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Antique Jewish art visualized the idea that the essence of God is beyond the world of forms. In the Bible, the Israelites were commanded to build sanctuaries without cult statues. Following the destruction of the Second Temple, Jews turned to literary and visual aids to fill the void. In this accessible survey, Shulamit Laderman traces the visualizations of the Tabernacle implements, including the seven-branch menorah, the Torah ark, the shofar, the four species, and other motifs associated with the Hebrew Bible and the Jewish calendar. These motifs evolved into iconographic symbols visualized in a range of media, including coins, funerary art, and synagogue decorations in both Israel and the Diaspora. Particular attention is given to important discoveries such as the frescoes of the third-century CE synagogue in Dura-Europos, mosaic floors in synagogues in Galilee, and architectural and carved motifs that decorated burial places.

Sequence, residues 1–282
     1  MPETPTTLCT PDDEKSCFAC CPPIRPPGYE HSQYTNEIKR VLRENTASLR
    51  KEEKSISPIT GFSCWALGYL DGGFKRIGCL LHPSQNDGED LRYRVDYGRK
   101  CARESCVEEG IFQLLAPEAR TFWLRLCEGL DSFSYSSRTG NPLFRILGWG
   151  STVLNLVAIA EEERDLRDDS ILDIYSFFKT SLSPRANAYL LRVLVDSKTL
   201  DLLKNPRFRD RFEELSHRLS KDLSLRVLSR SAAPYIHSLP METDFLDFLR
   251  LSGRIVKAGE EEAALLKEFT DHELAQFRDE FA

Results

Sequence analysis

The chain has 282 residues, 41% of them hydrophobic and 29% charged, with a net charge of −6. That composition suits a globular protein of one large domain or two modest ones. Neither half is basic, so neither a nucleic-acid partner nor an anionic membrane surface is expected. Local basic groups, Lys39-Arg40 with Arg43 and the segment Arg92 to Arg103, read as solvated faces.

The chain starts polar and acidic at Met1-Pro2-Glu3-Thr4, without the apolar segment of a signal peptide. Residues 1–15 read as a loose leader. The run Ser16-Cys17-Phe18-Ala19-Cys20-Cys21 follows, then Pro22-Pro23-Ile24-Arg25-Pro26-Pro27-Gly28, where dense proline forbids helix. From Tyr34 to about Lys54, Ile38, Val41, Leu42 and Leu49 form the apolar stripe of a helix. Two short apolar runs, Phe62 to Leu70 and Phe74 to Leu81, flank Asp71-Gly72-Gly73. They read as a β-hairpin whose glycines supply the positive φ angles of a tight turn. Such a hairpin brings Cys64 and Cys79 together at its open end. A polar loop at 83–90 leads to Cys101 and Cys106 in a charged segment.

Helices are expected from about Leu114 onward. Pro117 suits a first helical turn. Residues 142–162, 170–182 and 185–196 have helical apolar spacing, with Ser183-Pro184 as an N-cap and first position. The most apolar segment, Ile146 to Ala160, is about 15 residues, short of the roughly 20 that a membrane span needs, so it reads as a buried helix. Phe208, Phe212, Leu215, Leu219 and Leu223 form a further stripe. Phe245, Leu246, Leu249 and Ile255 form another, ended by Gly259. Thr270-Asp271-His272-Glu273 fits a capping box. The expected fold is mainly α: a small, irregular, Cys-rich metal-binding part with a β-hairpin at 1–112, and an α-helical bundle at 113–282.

Imagination in Renaissance Art and Theory from Botticelli to Michelangelo
Did the Florentine philosopher Marsilio Ficino (1433-99) influence the art of his time? Art historians have been fiercely debating this question for decades. This book starts with Ficino’s views on the imagination as a faculty of the soul, and shows how these ideas were part of a long philosophical tradition and inspired fresh insights. This approach, combined with little known historical material, offers a new understanding of whether, how and why Ficino’s Platonic conceptions of the imagination may have been received in the art of the Italian Renaissance. The discussion explores Ficino’s possible influence on the work of Botticelli and Michelangelo, and examines the appropriation of Ficino’s ideas by early modern art theorists.